The scene of “Paradise Blue,” Dominique Morisseau’s black-and-bluesy play, is the Paradise Club, a drink and dance joint in Paradise Valley, the entertainment district of Detroit‘s black community known in 1949 as Blackbottom. The drinks are strong, the rooms are cheap, and you can hear live music by terrific jazzmen like Blue (lean, handsome and moody as hell in J. Alphonse Nicholson’s performance), who plays a mean trumpet when he isn’t too depressed to lift his horn to his lips.
Program notes inform us that Paradise Valley is not long for this world, doomed to fall under the wrecking-ball projects that would soon “urban-renew” the entire black community out of existence. That bit of background lends a good deal of perspective to the play, and it’s too bad that the playwright didn’t make it integral to her plot-thin drama. Lacking that kind of thematic core, the play restricts itself to being an atmospheric but insubstantial slice of dramatic life.
In this staging at Off Broadway’s Signature Theatre, Kristolyn Lloyd gives a lovely, self-effacing performance as Pumpkin, the cook-waitress-housekeeper who is the emotional heart of the Paradise Club and of the play itself. She’s a sensitive soul, given to walking around with a book of poetry whose beautiful thoughts she’s intent on committing to memory, as if beauty alone could insulate her from the unkindness of her mean world. In a play that otherwise lacks dramatic suspense, Pumpkin’s uncertain fate is something that causes us genuine concern.
Popular on Variety
In lieu of a plot, Morisseau presents us with a cast of full-bodied characters. Cornelius, who is known as Corn and played with a big heart and great gusto by Keith Randolph Smith, is the house pianist and resident sweetie-pie, always looking for love and always doomed to disappointment. Silver, a sexy vamp played with sultry charm by Simone Missick (the superheroic Misty on Marvel’s “Luke Cage”), is the lodger everyone wants to literally get close to. P-Sam, the sweet-talking percussion man played by Francois Battiste, is a shameless hustler.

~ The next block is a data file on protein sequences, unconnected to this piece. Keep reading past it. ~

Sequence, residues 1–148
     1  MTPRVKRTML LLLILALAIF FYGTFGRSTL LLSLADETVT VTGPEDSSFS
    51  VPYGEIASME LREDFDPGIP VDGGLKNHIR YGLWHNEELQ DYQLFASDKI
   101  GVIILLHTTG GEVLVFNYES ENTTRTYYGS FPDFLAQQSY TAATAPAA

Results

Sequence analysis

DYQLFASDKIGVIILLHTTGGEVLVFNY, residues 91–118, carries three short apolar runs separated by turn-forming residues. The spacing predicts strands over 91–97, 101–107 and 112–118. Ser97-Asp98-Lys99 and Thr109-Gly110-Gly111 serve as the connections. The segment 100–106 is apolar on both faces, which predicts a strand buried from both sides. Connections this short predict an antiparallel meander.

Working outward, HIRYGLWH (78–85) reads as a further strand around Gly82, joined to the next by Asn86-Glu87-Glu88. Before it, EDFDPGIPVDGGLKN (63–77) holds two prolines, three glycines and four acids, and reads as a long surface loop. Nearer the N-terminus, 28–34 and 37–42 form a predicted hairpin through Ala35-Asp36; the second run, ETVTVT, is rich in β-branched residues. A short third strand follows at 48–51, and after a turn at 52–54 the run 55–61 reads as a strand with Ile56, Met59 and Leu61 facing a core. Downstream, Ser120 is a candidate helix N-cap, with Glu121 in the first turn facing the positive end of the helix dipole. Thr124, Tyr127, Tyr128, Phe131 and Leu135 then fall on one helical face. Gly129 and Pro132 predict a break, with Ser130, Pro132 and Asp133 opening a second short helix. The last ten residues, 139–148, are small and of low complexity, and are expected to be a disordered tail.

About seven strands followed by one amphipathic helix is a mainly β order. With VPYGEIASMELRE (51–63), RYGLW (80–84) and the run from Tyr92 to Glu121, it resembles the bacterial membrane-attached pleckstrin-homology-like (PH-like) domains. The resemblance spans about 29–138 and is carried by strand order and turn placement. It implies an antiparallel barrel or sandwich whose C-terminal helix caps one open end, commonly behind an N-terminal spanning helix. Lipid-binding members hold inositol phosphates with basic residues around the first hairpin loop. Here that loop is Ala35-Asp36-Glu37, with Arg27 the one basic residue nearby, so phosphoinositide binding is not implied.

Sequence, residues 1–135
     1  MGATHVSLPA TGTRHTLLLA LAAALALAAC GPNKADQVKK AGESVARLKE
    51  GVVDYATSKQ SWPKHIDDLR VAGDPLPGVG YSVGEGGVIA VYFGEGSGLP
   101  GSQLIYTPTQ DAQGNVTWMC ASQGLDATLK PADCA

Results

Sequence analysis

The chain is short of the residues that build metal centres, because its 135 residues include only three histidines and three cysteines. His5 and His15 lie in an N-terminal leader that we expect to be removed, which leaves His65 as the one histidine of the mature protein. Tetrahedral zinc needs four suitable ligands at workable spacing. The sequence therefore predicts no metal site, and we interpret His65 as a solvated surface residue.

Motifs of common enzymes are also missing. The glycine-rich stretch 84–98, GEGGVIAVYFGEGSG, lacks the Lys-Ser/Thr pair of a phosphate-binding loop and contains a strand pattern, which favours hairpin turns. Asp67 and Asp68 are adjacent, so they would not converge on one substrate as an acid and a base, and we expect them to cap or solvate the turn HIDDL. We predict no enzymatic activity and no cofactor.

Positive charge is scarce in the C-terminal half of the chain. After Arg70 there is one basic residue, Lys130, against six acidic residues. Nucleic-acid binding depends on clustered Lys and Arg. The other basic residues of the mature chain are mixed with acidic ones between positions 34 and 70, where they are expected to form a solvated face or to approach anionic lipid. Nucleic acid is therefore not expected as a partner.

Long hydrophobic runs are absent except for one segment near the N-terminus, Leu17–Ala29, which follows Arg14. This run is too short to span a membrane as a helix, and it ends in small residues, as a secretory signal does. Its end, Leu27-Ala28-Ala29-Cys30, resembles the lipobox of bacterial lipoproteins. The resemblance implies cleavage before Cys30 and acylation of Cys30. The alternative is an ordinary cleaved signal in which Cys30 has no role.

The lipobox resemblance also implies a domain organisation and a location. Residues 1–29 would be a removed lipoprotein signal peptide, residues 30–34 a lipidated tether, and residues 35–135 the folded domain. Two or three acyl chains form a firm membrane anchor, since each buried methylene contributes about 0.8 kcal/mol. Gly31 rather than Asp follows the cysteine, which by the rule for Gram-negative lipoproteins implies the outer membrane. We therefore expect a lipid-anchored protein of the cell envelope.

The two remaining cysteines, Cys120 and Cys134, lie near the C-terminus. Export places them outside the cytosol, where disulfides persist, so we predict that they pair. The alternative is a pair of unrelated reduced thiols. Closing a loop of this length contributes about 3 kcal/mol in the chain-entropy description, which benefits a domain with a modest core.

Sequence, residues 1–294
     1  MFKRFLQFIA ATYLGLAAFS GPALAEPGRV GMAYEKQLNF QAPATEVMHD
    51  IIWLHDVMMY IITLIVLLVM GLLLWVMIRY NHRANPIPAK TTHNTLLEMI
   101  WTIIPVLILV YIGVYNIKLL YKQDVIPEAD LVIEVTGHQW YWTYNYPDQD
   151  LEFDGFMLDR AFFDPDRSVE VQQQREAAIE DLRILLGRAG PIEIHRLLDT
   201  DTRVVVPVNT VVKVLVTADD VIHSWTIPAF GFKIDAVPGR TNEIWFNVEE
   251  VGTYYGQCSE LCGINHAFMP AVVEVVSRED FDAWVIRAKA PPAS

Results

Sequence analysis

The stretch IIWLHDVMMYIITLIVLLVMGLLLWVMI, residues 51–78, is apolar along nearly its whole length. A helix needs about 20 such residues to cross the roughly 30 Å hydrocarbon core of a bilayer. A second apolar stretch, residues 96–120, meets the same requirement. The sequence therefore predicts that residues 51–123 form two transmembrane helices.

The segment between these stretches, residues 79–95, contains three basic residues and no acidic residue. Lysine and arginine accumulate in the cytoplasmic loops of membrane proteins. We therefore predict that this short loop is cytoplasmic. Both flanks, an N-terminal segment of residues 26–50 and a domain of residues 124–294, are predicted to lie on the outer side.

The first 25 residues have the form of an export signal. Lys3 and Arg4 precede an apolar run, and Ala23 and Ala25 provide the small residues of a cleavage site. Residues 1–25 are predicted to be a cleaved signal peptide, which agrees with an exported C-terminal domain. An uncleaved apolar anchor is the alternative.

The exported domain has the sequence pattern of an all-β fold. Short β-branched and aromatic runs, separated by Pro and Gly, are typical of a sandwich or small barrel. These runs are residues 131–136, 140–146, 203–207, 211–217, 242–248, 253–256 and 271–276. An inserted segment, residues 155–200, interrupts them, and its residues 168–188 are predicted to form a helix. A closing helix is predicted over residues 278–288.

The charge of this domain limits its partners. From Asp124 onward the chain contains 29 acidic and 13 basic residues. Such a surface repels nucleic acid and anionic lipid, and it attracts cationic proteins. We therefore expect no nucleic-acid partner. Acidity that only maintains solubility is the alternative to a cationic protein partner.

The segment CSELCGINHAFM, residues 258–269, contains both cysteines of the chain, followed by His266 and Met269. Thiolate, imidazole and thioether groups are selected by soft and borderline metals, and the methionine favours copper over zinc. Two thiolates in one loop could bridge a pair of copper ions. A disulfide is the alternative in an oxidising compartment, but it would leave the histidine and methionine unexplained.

As a cross-section of the club that represents life in Paradise Valley, the characters are a few players short of the swinging band this play needs. But under the confident direction of Ruben Santiago-Hudson, the thesps have a good handle on their characters and the creative team offers them heroic support. Neil Patel’s set design makes the Paradise Club look and feel like the home-away-from-home that’s the closest thing homeless musicians can call home. Rui Rita’s lighting is dark enough to let them keep up the pretense, and Darron L. West’s sound design kindly blocks out the unkind sounds of the real world outside.
Everyone speaks in the choice idiom that Morisseau seems to have snatched from the streets of a city she obviously knows well and loves unconditionally. Pumpkin has a sweet sound. Corn talks softly, but with conviction. And although he’s undeveloped as a character (and underplayed by Nicholson), Blue speaks with the passionate conviction of the egotist he is. “Everybody know this is Blue’s Blackbottom Quartet,” he says. “My club. My band. Ain’t nobody getting’ solo time but me.”
Knowing as we do what’s in store for Blackbottom, it seems clear that Morisseau intends Blue to be the tragic figure whose personal fate is bound up in that of his neighborhood. But in order to be that character, Blue needs more depth, along with a richer sense of humanity. Actually, what he needs to be is a little bit like Pumpkin.